Urine leak from breakdown of the duodenal segment can occur and is usually encountered within the first 2-3 months following transplantation but can occur years following transplantation. This is the most serious postoperative complication of the bladder-drained pancreas. The onset of abdominal pain with elevated serum amylase, which can mimic reflux pancreatitis or acute rejection, is a typical presentation. A high index of suspicion for urinary leak is necessary to make the diagnosis accurately and swiftly. Supporting imaging studies using a cystogram or CT scan are necessary to confirm the diagnosis. Operative repair is usually required with exploration. The degree of leakage can be determined best intraoperatively, and proper judgment can be made whether direct repair is possible or more aggressive surgery involving enteric diversion or even graft pancreatectomy is indicated.

Complications of enteric-drained pancreas transplantation

The most serious complication of the enteric-drained pancreas transplantation is leak and intra-abdominal abscess. This serious problem usually occurs 1-6 months after transplantation. Patients present with fever, abdominal discomfort, and leukocytosis. A high index of suspicion is required to make a swift and accurate diagnosis. Imaging studies involving CT scan are very helpful.

Percutaneous access of intra-abdominal fluid collection for Gram stain and culture is essential. The flora typically is mixed with bacteria and often fungus, particularly Candida. Broad-spectrum antibiosis is essential. Surgical exploration and repair of the enteric leak is necessary. A decision must be made on whether the infection can be eradicated without removing the pancreas allograft. Incomplete eradication of the infection will result in progression to sepsis and multiple organ system failure. Peripancreatic infections can result in development of a mycotic aneurysm at the arterial anastomosis that could cause arterial rupture. Transplantation pancreatectomy is indicated if mycotic aneurysm is diagnosed.

Occurrence of intra-abdominal abscess has been reduced greatly with greater recognition of the criteria for suitable cadaveric pancreas grafts for transplantation. Improved perioperative antibiosis, including antifungal agents, has contributed to the decreased incidence of intra-abdominal infection, as well. No convincing evidence exists that a Roux-en-Y intestinal reconstruction decreases its incidence. Perhaps the most significant contribution to reducing the incidence of intra-abdominal abscess is the efficacy of the immunosuppressive agents in reducing the incidence of acute rejection and thereby minimizing the need for intensive antirejection immunotherapy.

GI bleeding occurs in the enteric-drained pancreas from a combination of perioperative anticoagulation and bleeding from the suture line of the duodenoenteric anastomosis. This is self-limited and will manifest as diminished hemoglobin level associated with heme-positive or melanotic stool. Conservative management will suffice; the necessity for reoperative exploration is extremely unusual.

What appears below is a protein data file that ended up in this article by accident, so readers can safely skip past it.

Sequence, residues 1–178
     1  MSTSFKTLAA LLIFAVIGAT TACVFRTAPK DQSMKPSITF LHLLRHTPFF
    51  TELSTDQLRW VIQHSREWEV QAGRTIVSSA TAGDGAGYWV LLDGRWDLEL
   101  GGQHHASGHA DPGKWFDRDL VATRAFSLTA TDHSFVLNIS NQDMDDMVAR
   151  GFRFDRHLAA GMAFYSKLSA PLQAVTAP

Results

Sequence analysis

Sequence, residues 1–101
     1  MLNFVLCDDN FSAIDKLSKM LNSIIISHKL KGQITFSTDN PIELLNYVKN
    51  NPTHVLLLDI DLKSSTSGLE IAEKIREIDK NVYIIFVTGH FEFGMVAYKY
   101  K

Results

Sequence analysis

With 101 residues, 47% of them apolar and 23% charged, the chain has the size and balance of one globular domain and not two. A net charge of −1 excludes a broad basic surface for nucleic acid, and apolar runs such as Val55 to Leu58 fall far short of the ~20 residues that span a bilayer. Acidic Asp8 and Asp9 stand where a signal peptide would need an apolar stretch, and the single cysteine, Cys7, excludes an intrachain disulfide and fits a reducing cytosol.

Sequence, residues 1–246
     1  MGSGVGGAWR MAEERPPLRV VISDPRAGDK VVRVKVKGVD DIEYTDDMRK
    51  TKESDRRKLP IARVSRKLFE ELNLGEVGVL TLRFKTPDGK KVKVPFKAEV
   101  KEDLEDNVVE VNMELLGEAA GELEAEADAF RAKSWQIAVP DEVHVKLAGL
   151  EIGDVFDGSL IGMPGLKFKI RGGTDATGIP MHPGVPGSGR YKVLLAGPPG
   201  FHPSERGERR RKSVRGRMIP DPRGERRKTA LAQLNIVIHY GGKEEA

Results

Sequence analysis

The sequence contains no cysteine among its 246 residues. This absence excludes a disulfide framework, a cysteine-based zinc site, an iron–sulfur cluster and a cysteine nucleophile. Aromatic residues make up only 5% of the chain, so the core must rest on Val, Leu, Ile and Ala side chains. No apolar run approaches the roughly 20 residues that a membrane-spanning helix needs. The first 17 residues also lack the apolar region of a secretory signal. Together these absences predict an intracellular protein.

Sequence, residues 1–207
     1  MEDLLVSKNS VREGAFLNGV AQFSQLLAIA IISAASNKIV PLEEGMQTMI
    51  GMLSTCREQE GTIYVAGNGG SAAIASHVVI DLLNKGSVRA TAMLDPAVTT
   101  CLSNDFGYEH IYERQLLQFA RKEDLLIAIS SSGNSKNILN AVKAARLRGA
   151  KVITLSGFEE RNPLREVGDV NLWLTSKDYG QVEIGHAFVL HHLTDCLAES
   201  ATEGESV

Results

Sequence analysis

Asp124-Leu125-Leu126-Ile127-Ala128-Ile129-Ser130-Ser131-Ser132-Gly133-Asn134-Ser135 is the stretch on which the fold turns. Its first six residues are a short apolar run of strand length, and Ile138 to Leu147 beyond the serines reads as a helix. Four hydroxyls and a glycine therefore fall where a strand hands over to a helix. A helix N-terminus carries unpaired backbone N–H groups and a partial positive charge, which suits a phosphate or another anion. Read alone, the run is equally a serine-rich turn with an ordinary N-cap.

Guidelines Summary

Banff pancreas allograft rejection grading schema

In 2017, an update to the Banff pancreas allograft rejection grading schema was published. [16]  The current criteria are outlined below.

Normal criteria are as follows:

  • Absent inflammation  or inactive septal, mononuclear inflammation not involving ducts, veins, arteries, or acini
  • No graft sclerosis
  • The fibrous component is limited to normal septa, and its amount is proportional to the size of the enclosed structures (ducts and vessels). The acinar parenchyma shows no signs of atrophy or injury

When septal inflammation appears active, but the overall features do not fulfill the criteria for mild acute rejection, rejection is deemed indeterminate.

Acute T cell–mediated rejection (TCMR) has three grades. Criteria are as follows:

Grade I - Mild acute TCMR: Active septal inflammation (activated blastic lymphocytes and/or eosinophils) involving septal structures: venulitis (subendothelial accumulation of inflammatory cells and endothelial damage in septal veins), ductitis (epithelial inflammation and damage of ducts) and/or f ocal acinar inflammation (two or fewer foci per lobule) with absent or minimal acinar cell injury.

Grade II - Moderate acute TCMR: Multifocal (but not confluent or diffuse) acinar inflammation (three or more foci per lobule) with spotty (individual) acinar cell injury and dropout and/or mild intimal arteritis 

Grade III - Severe acute TCMR: Diffuse (widespread, extensive) acinar inflammation with focal or diffuse multicellular/confluent acinar cell necrosis and/or moderate or severe intimal arteritis and/or transmural inflammation-necrotizing arteritis

The diagnostic criteria for acute/active antibody‐mediated rejection (ABMR) are as follows:

  • Histologic evidence of acute tissue injury
  • C4d positivity in interacinar capillaries (≥1% of acinar lobular surface for immunohistochemistry)